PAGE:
October 18, 2018

A Right to Hunt Amendment “Just Like The Second Amendment?”

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A freelance outdoor writer and registered Maine guide, in his blog post at the Bangor Daily News, brings out some interesting points in support of a constitutional amendment billed as a guarantee of a Maine citizen’s right to hunt, trap and fish. In essence, he tells his readers that the legislative committee for Inland Fisheries and Wildlife, who did not support the proposed constitutional amendment, caved into the demands of animal rights extremists and denied rural people the right to feed themselves and to make a living. All good points.

“I think many in the capitol area and urban enclaves see hunting and fishing as recreation or sport, and as such believe recreation and sport do not have the merit needed for constitutional tinkering. While that may be the case in Portland, Augusta or even Bangor, it most certainly is not the case for the people who live in the places the suburbanites come to recreate in.”<<<Read More>>>

Let’s look at a couple of issues brought up in the related article. The author brings up a good point when he writes: “…many in the capitol area and urban enclaves see hunting and fishing as recreation or sport..,” and, “…you are more likely than not to find locals fishing for white perch…than those fishing for a trophy-sized trout.”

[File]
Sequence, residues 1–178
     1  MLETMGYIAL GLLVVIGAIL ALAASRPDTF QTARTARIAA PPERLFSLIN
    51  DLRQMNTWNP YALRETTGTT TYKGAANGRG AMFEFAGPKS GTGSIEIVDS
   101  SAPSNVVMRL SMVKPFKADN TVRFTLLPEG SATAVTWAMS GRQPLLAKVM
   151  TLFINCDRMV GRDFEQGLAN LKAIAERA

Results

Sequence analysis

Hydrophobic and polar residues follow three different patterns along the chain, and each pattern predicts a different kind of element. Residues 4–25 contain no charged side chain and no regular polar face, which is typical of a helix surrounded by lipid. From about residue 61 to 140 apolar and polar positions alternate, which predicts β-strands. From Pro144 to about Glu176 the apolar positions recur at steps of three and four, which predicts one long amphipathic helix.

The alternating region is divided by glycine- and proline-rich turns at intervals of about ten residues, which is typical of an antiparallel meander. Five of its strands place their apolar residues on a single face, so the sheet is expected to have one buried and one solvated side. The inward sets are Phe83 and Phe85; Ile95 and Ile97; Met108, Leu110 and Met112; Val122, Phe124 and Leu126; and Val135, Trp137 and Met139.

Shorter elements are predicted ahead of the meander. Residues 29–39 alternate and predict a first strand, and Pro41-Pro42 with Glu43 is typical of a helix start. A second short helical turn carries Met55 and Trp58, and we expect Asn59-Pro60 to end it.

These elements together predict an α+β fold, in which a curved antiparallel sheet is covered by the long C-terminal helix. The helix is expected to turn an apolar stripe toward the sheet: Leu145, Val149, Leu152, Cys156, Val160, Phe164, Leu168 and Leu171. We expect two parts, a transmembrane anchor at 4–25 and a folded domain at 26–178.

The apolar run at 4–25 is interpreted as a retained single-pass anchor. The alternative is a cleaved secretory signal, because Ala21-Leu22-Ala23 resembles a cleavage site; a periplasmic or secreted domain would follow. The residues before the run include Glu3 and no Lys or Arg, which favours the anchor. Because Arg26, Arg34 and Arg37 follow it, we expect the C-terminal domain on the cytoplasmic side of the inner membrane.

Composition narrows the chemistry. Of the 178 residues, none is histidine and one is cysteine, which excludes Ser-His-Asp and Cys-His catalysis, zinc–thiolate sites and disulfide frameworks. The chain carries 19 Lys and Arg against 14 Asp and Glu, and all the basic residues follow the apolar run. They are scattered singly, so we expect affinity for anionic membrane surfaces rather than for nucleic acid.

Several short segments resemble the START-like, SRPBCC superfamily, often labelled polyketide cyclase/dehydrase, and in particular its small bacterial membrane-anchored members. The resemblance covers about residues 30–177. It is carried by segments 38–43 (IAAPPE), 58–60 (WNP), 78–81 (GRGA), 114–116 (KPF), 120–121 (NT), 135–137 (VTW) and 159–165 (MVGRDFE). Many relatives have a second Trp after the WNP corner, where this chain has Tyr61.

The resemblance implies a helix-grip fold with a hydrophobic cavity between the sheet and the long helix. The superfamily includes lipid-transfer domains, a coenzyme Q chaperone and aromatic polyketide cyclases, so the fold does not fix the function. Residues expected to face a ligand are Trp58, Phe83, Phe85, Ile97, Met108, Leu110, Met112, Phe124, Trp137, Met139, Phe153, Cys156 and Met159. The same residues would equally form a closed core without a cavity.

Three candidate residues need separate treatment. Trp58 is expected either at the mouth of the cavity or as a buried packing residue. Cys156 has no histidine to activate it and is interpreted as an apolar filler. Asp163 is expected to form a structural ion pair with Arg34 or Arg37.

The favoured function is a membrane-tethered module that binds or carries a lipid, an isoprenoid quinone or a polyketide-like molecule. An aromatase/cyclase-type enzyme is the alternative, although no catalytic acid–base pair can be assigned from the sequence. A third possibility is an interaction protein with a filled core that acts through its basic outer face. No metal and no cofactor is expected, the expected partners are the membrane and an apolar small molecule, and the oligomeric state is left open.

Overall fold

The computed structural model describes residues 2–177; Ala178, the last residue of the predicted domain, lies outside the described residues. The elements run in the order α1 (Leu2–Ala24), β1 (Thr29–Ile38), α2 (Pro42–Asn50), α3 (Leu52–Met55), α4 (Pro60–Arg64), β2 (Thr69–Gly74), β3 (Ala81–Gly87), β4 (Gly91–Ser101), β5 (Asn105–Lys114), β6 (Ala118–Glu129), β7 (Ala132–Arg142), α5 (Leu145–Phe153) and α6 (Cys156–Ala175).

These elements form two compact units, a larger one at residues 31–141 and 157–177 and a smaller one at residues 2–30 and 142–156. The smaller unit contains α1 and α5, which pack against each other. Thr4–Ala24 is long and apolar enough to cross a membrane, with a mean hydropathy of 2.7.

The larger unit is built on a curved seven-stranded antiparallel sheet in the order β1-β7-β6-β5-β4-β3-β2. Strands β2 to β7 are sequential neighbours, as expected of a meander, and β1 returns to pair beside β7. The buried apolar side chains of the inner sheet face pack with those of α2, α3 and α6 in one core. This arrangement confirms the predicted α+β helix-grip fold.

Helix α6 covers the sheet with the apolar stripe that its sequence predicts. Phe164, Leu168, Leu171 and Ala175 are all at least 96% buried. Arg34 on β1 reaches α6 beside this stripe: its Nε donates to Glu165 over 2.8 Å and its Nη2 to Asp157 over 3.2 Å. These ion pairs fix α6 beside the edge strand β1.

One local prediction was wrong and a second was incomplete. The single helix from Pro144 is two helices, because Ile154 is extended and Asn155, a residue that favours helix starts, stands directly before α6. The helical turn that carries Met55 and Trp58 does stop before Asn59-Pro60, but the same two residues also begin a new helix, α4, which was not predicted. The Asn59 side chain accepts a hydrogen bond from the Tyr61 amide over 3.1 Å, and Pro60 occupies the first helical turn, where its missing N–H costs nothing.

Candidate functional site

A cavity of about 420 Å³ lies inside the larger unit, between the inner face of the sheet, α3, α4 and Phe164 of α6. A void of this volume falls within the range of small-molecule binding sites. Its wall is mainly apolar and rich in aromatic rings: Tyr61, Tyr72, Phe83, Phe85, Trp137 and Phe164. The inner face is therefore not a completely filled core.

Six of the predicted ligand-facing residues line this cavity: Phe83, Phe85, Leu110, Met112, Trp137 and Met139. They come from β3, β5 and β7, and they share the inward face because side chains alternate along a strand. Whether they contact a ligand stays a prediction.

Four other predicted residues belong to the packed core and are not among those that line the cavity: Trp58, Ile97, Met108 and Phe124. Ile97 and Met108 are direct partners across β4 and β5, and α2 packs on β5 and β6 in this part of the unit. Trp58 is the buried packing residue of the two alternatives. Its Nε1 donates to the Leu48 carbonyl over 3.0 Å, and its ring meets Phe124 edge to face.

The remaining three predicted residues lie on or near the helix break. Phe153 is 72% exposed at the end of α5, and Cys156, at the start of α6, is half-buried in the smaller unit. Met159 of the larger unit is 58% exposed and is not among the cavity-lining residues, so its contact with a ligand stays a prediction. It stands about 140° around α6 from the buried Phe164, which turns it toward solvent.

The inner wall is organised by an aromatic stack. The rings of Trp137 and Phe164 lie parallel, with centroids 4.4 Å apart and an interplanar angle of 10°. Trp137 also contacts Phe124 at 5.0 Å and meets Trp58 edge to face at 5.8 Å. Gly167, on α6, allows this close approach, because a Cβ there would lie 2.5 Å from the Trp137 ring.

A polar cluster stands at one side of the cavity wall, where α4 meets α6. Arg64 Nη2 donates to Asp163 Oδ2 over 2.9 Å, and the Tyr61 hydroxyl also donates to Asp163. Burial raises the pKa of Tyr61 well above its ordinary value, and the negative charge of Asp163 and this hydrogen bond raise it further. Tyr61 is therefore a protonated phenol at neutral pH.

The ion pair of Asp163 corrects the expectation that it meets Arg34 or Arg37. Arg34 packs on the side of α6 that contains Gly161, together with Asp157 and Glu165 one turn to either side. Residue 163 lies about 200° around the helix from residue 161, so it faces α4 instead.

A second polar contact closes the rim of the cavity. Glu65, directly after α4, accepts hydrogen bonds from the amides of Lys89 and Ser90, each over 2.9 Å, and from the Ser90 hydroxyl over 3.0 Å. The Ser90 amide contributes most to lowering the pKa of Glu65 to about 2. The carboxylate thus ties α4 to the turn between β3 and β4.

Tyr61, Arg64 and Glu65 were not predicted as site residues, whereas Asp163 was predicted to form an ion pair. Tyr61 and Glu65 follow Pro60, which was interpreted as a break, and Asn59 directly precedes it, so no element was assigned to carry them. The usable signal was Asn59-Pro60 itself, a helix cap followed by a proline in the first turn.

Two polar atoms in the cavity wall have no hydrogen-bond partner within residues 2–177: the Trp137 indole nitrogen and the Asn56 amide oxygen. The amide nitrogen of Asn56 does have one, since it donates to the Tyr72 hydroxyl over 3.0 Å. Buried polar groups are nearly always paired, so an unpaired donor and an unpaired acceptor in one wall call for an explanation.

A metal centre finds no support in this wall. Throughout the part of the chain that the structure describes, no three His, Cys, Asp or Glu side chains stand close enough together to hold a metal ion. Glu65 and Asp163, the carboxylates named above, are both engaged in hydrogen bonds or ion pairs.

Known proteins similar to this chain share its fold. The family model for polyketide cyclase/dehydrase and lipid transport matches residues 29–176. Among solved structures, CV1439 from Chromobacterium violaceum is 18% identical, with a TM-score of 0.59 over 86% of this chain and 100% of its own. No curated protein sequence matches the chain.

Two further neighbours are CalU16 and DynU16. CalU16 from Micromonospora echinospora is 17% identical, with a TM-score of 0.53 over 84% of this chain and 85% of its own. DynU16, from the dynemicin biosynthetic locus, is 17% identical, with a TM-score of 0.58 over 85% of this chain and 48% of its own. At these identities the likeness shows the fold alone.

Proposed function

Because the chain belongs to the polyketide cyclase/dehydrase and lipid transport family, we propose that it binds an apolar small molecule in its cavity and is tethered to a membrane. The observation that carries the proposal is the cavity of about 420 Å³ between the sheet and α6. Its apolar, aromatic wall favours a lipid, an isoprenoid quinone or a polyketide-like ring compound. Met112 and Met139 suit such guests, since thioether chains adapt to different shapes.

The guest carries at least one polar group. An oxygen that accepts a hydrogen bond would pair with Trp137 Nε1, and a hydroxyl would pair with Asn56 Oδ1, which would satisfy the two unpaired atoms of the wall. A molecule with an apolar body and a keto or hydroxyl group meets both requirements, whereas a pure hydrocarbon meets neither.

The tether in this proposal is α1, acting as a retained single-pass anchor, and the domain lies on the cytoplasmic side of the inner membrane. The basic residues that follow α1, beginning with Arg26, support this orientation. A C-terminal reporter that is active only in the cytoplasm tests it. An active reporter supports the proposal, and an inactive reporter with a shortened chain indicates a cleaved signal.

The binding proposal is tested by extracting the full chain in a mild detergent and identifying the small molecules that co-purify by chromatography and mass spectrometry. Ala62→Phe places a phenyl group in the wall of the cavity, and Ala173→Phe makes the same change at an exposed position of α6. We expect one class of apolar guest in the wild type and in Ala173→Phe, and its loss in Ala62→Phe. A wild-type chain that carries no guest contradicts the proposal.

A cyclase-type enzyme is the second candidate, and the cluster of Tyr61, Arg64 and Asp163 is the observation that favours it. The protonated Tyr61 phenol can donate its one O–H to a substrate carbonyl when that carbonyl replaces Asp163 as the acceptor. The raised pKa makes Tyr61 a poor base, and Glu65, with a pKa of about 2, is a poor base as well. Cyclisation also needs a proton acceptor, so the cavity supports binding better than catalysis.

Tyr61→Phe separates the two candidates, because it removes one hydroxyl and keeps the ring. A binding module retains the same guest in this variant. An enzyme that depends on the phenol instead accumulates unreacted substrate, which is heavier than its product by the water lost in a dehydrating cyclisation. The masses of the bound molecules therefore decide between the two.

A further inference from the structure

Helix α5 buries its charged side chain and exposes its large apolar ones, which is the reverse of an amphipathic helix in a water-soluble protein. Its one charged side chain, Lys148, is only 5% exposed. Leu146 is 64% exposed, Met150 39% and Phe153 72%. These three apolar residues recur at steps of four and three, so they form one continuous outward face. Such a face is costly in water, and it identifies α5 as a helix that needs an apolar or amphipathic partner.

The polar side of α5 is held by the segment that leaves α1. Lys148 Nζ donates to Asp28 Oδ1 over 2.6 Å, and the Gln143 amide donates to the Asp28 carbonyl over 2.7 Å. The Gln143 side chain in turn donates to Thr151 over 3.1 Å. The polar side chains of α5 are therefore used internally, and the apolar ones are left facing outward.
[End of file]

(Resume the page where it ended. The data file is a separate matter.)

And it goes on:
Both points ever so true, but why? At least some of that blame can be placed squarely on the media, and I don’t mean the mainstream media necessarily. The major number of so-called outdoor writers bombard everyone through most forms of media with trophy hunting this and trophy fishing that. Is it any wonder the urban dweller only knows hunting and fishing as a trophy collection activity? It is always a breath of fresh air when writers, like the one at center stage, tells more of the truth of what hunting, trapping, and fishing are all about. And let’s not forget that surveys of hunters repeatedly state that the main reason for hunting is for food…NOT trophies.

The author points out that he believes the IFW Legislative Committee buckled to the pressures of the radical Left’s animal rights groups in turning their noses up at this proposal – “…you chose to serve the interests of anti-hunting, extremist organizations such as the Humane Society of the United States and WildWatch Maine…” 

The other day I wrote a piece in reference to the Committee’s rejection of the proposed amendment. In that piece, I point out what the chairman of the Committee said about his fear of what people might think if the proposal passed the Legislature and went to the voters and was defeated. He said it “would have a seriously negative impact.” We must ask ourselves the question as to how many other ballot initiatives, or even proposed bills, are given the same scrutiny, rooted in fear of reprisals and “negative impact.” It should alert readers that the author of the subject piece was precise when he said that the Committee, “chose to serve the interests of anti-hunting” organizations, for surely they did.